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Family Vacations and the Hollywood Writers Strike

hybrid work vacation values Jul 31, 2023

How has your summer gone so far? 

I just sweated through four weeks, two countries, six cities, a handful of mostly uninspiring hotels (beige as far as the eye can see), 13 college visits, family reunions and more fast food than I ever thought I would eat. 

(no, chicken fingers covered in crushed Doritos do not taste as good as they look on the poster). 

So, move over George Clooney and the Hollywood Writers Strike, I’m jiving to do my own strike against the thankless role as volunteered family vacation planner. 

Part of the problem? High expectations, fueled via social media, which my friend Katherine Goldstein exposes in The Case Against Family Vacations

The other issue?

Well, let me ask you a question. 

Do you go into time off with an intense desire to make the most of in person time together and create meaningful experiences that can cement a sense of togetherness?

Yup. Me too! Summer vacations are the one and only opportunity for everything to gel, buoyed on sunbeams and rainbows! No pressure 😳

If that fails, I will revisionist history the crap out of it by doing a summer holiday book where only the best photos and memories get in, with happy stamps of dripping ice cream and watermelons, printed on glossy pages!

I tell the kids it’s so that they can remember what their cousins look like. But really, it’s cheaper than going to my therapist.

So, did you get a weird echoey twinge of, “why does that sound so familiar?”

If so, you may be foisting the same deranged perfectionistic striving on to your teams or workplaces in an age of hybrid work.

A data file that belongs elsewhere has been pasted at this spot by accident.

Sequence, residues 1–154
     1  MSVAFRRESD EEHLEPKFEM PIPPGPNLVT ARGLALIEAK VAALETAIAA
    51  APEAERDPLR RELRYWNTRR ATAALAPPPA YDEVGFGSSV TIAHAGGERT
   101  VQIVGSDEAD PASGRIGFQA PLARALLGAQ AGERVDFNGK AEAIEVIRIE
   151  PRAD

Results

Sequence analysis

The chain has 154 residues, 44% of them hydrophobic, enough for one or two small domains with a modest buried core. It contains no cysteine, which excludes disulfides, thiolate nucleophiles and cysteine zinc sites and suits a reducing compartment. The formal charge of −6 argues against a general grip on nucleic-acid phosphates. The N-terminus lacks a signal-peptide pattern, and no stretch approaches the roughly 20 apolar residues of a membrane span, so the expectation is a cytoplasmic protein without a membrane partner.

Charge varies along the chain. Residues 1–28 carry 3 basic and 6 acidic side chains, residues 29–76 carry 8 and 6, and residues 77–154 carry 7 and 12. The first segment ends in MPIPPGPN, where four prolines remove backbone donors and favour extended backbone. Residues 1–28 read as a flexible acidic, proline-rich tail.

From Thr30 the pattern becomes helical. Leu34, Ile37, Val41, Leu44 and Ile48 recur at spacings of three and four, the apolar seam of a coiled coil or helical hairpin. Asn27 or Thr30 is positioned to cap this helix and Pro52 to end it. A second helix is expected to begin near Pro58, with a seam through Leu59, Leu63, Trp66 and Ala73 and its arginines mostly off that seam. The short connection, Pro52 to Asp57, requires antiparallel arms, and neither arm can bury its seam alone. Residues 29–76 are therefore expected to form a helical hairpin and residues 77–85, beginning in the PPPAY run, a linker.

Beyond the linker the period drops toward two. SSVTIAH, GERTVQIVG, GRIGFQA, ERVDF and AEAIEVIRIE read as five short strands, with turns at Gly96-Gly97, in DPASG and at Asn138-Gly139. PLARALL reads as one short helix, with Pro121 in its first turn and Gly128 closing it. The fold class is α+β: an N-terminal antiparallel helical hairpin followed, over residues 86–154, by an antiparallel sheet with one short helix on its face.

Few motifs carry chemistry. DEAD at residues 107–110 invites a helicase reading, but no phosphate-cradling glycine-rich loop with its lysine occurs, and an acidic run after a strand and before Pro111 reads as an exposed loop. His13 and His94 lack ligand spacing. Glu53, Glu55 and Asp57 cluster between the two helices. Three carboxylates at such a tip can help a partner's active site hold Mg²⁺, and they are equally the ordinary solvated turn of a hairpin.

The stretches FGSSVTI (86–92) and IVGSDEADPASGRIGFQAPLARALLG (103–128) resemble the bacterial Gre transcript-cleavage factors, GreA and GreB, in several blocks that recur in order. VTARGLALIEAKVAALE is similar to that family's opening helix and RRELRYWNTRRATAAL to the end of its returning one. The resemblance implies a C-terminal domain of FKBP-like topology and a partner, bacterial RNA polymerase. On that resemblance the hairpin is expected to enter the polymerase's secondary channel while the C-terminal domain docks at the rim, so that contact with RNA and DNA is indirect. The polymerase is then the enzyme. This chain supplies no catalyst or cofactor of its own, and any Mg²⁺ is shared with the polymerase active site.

(shiny faces in a brochure ain’t that far away from my happy summer photo book, folks)

Today is my first day “back at the office”. 

(Read: my laptop on my own desk instead of a hotel desk, train table or balanced on my lap in my sister-in-law’s Osim massage chair - not great for webinars, btw). 

What do I see in my inbox?

  • “We’re just not getting the engagement from our teams we know we could. Can you help?”
  • “With hybrid, we need to reimagine how we spend our in-person time vs asynchronous”
  • “We want to create meaningful experiences that can support our culture and values as an organization”

My immediate reaction was a deep sense of empathy. 

I poured myself a 5 a.m. cup of coffee, thanking jet lag for the quiet of the house and thought about this desire for in-person connection we have that keeps turning out like a bad date.

Maybe some of my summer-vacation reflection thoughts can help you at work:


1. It’s not about you (or me) 


If I’m honest, my aspirations for engagement, interaction and togetherness were more about me feeling like everyone was engaged with, yes, me, and less about empowering the “team”. 

When I thought about it from the perspective of my family, we each had exceptional opportunities to connect to our network of extended family, friends and colleagues. My kids spent way more time with each other than they do at home, more time with their cousins and extended family.